Polk RTi A9 Speaker System

“i” is for intense.

Every audio reviewer thinks back on specific products and sometimes wishes that he or she bought them following the review. For me, one such product was the Polk RT3000p. The two-piece speaker featured a powered subwoofer, with the mid-tweeter section perched on top in a separate cabinet. The system had a gutsy, meaty quality to it that beautifully suited movie soundtracks.

Polk’s current flagship is the RTi A9 ($1,750/pair), the top model in the RTi A Series, which includes three floorstanders and two bookshelf designs. As a one-box speaker without a built-in sub, the RTi A9 is conceptually different from the long-departed RT3000p, although it’s visually no less imposing. This speaker served as the basis for the speaker system under review here.

The RTi A9’s front baffle bristles with five cone drivers (two midranges and three woofers), a silk/polymer dome tweeter, and a front bass port. The two bass-midrange drivers cover an unusually wide range, from 120 hertz to 1.8 kilohertz. Two pairs of binding posts allow for biwire use. I kept them strapped together for a normal, single run of speaker cables.

Real wood veneer covers the RTi A9’s curvaceous side panels. The internally braced cabinets are fabricated from six layers of MDF separated by five layers of viscous damping material. Polk calls this technique Damped Asymmetric Hex Laminate Isolation (DAHLI).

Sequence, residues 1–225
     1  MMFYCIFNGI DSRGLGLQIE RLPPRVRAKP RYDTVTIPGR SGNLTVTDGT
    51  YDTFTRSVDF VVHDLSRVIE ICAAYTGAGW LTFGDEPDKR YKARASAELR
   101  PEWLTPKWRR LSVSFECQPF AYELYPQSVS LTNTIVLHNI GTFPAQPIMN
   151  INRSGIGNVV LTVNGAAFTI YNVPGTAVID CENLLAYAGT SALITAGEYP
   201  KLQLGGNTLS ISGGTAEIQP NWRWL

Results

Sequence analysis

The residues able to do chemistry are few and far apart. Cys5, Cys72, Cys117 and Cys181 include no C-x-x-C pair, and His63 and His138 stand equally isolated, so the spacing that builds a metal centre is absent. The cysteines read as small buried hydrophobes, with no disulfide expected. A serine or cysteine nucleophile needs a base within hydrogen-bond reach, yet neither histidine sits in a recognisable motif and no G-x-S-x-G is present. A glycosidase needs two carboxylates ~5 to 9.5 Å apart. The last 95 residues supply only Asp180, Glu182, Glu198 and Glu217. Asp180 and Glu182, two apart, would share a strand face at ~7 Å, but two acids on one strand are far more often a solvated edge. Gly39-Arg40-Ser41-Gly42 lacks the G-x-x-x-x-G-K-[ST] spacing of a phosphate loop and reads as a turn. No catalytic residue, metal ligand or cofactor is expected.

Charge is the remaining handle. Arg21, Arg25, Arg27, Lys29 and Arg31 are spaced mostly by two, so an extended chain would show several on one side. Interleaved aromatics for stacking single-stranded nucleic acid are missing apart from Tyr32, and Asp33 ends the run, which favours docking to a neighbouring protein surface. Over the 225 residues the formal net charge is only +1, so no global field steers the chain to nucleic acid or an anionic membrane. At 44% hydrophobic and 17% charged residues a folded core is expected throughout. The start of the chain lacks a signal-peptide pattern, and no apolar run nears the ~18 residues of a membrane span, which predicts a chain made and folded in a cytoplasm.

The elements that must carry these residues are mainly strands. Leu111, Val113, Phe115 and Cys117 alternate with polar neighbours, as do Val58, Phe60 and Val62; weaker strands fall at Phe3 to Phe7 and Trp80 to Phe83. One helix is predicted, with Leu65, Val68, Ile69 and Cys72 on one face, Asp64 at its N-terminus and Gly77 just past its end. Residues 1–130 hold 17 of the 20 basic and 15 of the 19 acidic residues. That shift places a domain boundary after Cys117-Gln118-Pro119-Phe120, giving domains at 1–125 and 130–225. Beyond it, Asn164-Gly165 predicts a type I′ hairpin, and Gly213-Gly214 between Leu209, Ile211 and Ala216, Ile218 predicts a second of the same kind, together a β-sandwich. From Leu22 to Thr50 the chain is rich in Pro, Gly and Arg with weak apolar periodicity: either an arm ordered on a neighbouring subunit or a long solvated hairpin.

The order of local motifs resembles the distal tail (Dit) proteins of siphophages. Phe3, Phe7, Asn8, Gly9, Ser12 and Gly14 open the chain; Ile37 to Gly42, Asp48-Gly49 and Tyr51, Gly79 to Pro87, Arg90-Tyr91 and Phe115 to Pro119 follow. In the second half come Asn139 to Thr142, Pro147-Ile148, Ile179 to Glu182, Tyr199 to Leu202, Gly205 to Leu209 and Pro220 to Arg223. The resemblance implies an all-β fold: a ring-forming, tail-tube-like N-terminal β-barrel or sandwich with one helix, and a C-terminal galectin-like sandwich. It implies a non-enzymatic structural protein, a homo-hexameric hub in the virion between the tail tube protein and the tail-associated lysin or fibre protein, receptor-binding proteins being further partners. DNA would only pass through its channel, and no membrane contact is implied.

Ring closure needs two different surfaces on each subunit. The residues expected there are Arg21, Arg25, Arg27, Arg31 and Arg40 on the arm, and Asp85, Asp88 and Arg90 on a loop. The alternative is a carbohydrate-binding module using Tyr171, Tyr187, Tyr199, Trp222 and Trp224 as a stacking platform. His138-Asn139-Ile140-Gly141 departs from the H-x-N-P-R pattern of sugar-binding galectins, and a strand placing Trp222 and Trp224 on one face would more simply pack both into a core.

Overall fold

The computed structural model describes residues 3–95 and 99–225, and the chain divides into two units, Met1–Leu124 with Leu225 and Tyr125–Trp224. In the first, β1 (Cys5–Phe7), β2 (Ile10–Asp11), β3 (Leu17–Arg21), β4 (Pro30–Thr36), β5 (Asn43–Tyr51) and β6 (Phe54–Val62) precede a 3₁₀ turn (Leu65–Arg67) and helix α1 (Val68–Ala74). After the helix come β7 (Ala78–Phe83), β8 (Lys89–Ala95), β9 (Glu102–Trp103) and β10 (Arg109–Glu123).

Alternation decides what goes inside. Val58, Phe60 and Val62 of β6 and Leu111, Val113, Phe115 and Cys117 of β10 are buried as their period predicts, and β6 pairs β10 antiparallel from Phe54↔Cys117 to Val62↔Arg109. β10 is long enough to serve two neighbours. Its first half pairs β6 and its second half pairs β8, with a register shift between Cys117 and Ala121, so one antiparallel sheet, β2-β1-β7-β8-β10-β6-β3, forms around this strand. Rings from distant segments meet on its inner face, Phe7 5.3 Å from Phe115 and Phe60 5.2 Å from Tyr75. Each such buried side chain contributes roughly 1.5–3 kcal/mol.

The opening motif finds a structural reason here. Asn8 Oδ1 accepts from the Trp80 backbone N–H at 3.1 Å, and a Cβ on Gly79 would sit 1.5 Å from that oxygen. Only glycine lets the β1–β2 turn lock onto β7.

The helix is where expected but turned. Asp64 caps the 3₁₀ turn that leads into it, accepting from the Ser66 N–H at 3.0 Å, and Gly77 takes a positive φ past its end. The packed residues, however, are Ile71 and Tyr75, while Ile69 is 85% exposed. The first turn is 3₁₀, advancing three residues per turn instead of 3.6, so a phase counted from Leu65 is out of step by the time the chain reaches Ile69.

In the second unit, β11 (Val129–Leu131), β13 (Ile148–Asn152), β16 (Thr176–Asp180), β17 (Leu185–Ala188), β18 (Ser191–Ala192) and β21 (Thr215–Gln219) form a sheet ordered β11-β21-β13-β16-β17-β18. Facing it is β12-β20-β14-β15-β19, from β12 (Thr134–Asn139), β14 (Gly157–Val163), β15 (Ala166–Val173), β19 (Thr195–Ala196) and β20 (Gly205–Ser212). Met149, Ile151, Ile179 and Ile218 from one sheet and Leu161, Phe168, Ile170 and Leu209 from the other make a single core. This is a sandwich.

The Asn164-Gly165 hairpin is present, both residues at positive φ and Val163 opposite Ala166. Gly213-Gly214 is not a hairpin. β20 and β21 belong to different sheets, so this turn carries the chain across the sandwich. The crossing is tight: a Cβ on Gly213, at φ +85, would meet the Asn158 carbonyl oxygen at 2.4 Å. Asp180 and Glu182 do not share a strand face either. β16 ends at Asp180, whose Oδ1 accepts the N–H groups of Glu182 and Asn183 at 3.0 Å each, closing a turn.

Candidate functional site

The CSi A6 center-channel speaker ($460) uses the same driver technologies for its two woofers and single tweeter. It offers the same dual pair of terminals, plus dual PowerPort Plus ports in back, and an all MDF cabinet.

The FXi A6 surround speaker ($575/pair) has two tweeters, one on each of its angled faces, and a single woofer. A switch under the removable grille lets you choose between dipole or bipole operation. I used the bipole setting for all of my listening. The cabinet is ported, and there’s also a single pair of output terminals.

Polk’s compact DSW PRO 600 sub ($700) has a single 12-inch, downward-firing driver. It has a Class D amplifier rated at 250 watts (continuous). You can reorient the cabinet to fire forward rather than down. The sub features both line- and speaker-level outputs, as well as a selectable auto-on feature.

The sub also includes the Polk Room Optimizer (PRO) system. PRO offers four preset options for cabinet, corner, mid-wall, and mid-room positioning. There’s a phase adjustment with 0-, 90-, 180-, and 270-degree settings and a variable crossover (60 to 120 Hz; the LFE input bypasses the low-pass filter). A Night mode button compresses dynamics for better bass balance during low-level listening. The system comes with a slick, credit-card-sized remote that lets you access all of these controls (apart from the crossover setting). Plus, the remote features Subwoofer Mute and LED On/Off functions.

One of the first RTi A9s I received was damaged in shipping. The crossover had pulled loose from its moorings behind the rear terminal block and broke at least one internal connection. Polk immediately sent me a replacement model, which arrived intact.

Polk Audio
(800) 377-7655